Sunday, June 10, 2007

Response to Large Group Blog Entry

Entry for 10 June 2007:

Carmen, one of the students on this years’ Full Time Conselling Diploma course has sent the following response to my earlier comments on the Large Group (entry for June 2). With her permission, I am pleased to post her comments, which I personally find very interesting and useful in carrying the discussion further:

As a person at the end of the course you are describing I am perhaps in a position to offer what I feel I have learnt from the big group sessions.

Big groups can be fun, interesting, uncomfortable and scary. The fear is of the anger, judgement or retaliation of others. If a person is able to be non-defensive and reflective then there is the opportunity to learn, trust and balance what is inside alongside the views of others. An issue with the big group is the 'if', because not all people are at this stage. I suspect that the big group is more scary for these people. I guess there is a hope that by the end of the course some progress might be made toward this stage.

Personally I have learnt a lot from my reactions to the 'WS' of the big group. I have been unable to ignore my reactions, I have started to listen to my head and feelings reactions, I have started to be able to respond in these situations in an 'appropriate' way. I have learnt that however much I safely prepare what I say, it can still have an unpredictable effect on others. I cannot control the reactions of others but I can own and articulate my own reaction.

I have learnt that sometimes 'WS' cannot be contained, even by experienced tutors. Sometimes things just happen too quickly. Tutors are human, not super-human. Sometimes things do go off the wall but the hope is that we can use the underlying relationships, trust, care and empathy to move and grow from this. Sometimes the group has managed to do this by itself. However, I do feel it would be helpful to have at least one consistent big group tutor who has a role to facilitate this aspect when the group doesn't manage it. This would be a real judgement call for that tutor, to know when to allow enough time for the group to find its process, and when to intervene. I suspect this is a modelling role, important in the initial stages of the course and gradually seeing the group take it over?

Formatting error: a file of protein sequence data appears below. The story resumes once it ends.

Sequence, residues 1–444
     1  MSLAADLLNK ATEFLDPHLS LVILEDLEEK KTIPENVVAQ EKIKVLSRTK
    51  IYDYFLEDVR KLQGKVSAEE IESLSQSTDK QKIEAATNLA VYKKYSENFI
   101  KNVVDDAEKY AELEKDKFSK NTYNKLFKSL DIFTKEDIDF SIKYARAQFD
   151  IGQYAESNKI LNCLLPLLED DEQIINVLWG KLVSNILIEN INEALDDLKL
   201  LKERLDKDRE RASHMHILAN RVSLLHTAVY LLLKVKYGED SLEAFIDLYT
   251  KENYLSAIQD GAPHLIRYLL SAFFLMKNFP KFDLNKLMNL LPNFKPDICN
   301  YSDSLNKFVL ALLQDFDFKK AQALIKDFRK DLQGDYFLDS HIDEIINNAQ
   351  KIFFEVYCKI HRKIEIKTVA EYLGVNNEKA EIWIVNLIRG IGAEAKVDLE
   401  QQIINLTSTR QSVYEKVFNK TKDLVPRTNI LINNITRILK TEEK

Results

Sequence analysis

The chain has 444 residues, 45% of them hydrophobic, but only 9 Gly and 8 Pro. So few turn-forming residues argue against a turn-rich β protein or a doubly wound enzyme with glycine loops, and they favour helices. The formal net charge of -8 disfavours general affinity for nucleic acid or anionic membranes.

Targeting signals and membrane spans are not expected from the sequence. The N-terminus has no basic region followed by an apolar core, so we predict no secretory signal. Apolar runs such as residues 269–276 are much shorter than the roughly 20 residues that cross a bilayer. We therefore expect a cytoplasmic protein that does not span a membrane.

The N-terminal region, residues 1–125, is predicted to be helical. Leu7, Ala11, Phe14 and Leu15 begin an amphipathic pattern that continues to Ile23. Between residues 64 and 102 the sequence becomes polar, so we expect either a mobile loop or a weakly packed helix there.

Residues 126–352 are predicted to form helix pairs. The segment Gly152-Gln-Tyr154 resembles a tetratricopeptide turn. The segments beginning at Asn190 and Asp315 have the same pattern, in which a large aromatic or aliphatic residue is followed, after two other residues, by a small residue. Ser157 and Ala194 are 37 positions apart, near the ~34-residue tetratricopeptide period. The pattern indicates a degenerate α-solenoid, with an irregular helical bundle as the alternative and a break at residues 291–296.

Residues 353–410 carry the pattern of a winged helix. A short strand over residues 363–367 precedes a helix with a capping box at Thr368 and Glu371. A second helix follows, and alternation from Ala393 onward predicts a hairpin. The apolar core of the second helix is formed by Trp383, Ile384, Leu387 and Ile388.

I strongly believe that what I have learnt from the big group is invaluable in a counselling context. In particular, being able to openly respond to clients whatever they bring. What the big groups (alongside the personal and professional development group) have helped me to increasingly develop and experiment with is congruence. For me the big groups have felt an essential part of this development.

I don't yet feel able to comment on the self appraisal process as I am way too in the midst of it to be objectively reflective. What I can say is that it I have found it to be a strongly insightful process.

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